7. The Covenant and the Sunreavers are two small orders based in Dalaran with little-to-no power outside of areas under Dalaran's influence. They mostly serve as a sort of "hedge" that allows Dalaran to include both factions while maintaining order and segregation. Their in-game purpose has always been to separate the factions. There might have been some underlying plot planned for them at the beginning of Wrath (see: the encampments in Crystalsong), but that was never followed through. In essence, they have very little real power of their own. I would hesitate to call the Covenant representative of an entire race for those reasons alone. Allieria said what I was going to say about Quel'dorei demographics.
  8. Garithos holds much of the blame for ruining the Blood Elves' relationship with the Alliance and the state of Humanity as is, but we must keep blame in its place. After leaving Azeroth all of Kael's decisions and choices were his own, nothing more. The Alliance and the Horde have their own sins and accomplishments. It's silly to try to pigeonhole them into black and white roles. I don't deem them "equals" in the pro/cons department--I believe the Alliance to be a superior faction to the Horde for many reasons--but the moral argument will always be fundamentally subjective and thus pointless. Neither the game nor the lore declares either faction to be good or bad. Even the Forsaken, as dubious and conspicuously malevolent as they are, have some good members--though fewer than some apologists would like. I agree that the Horde as a darker past than the Alliance overall, but bickering about it accomplishes little.
  9. @Wyldthang: Sylvanas' forces were quite hostile to all others around her the moment from the very beginning. She immediately ordered her banshees to possess many factions who had nothing to do with their enslavement (ogres, gnolls, bandits, murlocs, etc.) and used them to subdue Varimathras. Then she shamelessly lied to Garithos and his forces, promising them she'd relinquish Lordaeron when the Scourge had been driven from the land. After Garithos' forces aided her in winning her independence, she quickly disposed of them without a second thought. I'm not saying Garithos was innocent--he got far, far less than he deserved--but he had little to do with the actions of the Forsaken apart from being the puppet of Detheroc. They've always been a dubious faction in word and deed.
  10. "Sideshow" was written in the context of Mal'ganis' WC3 role. As shown by his unexpected non-demise at the hands of a newly Frostmourne'd Arthas, Mal'ganis was a sideshow even then, a random Nathrezim who underestimated Ner'zhul. He served no purpose in the Legion or the plot other than to facilitate Arthas' contact with Frostmourne. Once he served his purpose, he was immediately offed and we never see or hear of him again until he randomly pops up at New Hearthglen. We don't even know it's Mal'ganis until Onslaught Harbor, where his appearance is pointless. He just proudly pronounces that we "need" him somehow and then non-dies. Again. Showing up in the Halls of Reflection would make a certain amount of sense, but with Jaina/Sylvanas already being set up there as the main plot figures, I'd say it's unlikely. Of course, we have no way to know for sure until Halls of Reflection is up on the PTR. Speculation is fun in the meantime. ;) Still, it wouldn't be surprising if this remains just another unresolved thread at the end of Wrath.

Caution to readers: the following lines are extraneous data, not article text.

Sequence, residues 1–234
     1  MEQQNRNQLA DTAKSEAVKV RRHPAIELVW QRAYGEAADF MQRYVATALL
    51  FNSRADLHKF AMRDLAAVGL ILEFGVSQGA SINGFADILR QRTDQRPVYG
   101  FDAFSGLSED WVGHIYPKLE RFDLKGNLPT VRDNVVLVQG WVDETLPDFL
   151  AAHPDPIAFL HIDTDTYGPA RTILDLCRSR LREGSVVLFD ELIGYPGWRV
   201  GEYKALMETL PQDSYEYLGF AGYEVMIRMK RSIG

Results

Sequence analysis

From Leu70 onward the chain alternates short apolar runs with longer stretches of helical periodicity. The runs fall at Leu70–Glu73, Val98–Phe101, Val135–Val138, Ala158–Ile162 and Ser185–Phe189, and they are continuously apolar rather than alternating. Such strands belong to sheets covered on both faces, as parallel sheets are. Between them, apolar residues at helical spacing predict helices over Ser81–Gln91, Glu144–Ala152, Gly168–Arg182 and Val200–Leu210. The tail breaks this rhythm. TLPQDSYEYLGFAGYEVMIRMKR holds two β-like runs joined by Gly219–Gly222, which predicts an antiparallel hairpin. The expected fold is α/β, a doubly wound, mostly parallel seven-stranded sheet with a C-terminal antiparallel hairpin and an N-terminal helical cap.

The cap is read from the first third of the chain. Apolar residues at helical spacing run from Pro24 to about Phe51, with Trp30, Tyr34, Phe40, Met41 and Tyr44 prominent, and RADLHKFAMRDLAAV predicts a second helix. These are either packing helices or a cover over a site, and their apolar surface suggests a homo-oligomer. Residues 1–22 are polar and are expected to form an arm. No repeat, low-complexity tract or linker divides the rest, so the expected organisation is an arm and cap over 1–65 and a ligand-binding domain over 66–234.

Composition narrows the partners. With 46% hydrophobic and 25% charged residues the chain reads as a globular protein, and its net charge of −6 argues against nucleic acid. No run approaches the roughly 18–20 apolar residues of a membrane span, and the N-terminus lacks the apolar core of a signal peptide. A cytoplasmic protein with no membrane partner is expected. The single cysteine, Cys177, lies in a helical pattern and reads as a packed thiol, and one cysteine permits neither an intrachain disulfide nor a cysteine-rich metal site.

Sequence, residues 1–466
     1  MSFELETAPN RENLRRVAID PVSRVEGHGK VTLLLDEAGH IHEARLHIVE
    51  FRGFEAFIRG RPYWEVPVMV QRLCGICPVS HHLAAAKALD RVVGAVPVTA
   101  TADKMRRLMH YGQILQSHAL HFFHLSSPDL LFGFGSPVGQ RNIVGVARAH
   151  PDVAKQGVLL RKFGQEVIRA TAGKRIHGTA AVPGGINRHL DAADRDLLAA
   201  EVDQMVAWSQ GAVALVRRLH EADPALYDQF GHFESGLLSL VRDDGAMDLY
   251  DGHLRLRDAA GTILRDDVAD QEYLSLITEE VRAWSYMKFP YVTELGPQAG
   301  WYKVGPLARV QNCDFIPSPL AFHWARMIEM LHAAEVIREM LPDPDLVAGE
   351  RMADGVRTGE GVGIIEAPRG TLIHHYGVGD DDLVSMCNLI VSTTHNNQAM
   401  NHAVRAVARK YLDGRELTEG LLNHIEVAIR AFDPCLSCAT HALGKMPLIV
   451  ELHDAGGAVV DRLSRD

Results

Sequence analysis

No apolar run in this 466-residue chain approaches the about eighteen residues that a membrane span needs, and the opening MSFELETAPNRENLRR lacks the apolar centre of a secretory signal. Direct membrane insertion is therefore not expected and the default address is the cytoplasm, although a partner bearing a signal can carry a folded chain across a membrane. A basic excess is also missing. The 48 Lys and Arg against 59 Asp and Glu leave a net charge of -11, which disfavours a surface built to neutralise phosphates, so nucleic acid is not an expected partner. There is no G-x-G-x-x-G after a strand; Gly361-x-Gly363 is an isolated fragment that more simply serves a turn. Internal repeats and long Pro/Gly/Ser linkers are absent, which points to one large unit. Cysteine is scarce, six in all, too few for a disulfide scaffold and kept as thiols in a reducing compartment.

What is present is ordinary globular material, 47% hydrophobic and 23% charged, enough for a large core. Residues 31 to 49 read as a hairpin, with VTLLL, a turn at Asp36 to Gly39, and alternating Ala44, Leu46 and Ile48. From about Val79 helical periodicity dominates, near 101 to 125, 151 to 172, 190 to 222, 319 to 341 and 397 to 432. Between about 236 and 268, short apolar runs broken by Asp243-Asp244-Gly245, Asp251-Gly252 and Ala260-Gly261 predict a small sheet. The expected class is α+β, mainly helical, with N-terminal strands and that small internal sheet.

11. Hmm, I can see it now: Mal'garrosh. I like it. But on topic, how would Mal'ganis legitimately show up without causing a general "Lolwut?" moment? As an NPC in an encounter? A separate encounter? I highly doubt he'd show up in the Arthas Fight. I'm pretty sure Blizzard wants it to be a final, climactic battle involving all the major players. Mal'ganis just seems to be a sideshow, certainly not as relevant as Sylvanas, Darion, or Tirion.
  12. Are we sure that the Ebon Blade's raising capabilities extend beyond raising mindless zombies? I don't remember what happens in that quest Kaejin linked. (There are so many quests in Northrend...) I can imagine that raising a ghoul requires much less effort and power than tearing a full-fledged soul--sentience, consciousness, and all--back from the dead, considering concoctions and tinctures alone can raise zombies like the plague. Ha ha, puns. To Arthas, raising a banshee or Lich might not seem like much, since he does it all the time, but the Ebon Blade has its limits. I don't think they can do anything beyond making a few ghouls and such, but I could be wrong.
  13. Well, the Ebon Blade may reek of death, but it's not like they're a bunch of crazed, psychopathic lunatics. Darion's Ebon Blade is probably the most lucid and effectual of all the factions out there. They're pretty much the only force, Horde or Alliance, who see the situation clearly and understand what they're up against without regards to politics, the finer points of morality, and personal feelings. They let logic and a cold desire for vengeance dictate their actions, which ironically pits them against the idea of unnecessary bloodbaths. I imagine they view such things as a waste of time and resources, causing a whole bunch of headaches and wasting otherwise valuable resources and men that could have been put to use against the Lich King. And let's not forget how useful the dead are to Arthas. Had the Ebon Blade gone on an unreserved rampage in Northrend, I think the uniqueness of their faction would be sorely lost. An Orc commander might order a village in the way of his army to be burned, but the Ebon Blade would certainly try to find a way around the village, not only to save time and resources, but to deprive the Lich King of potential soldiers.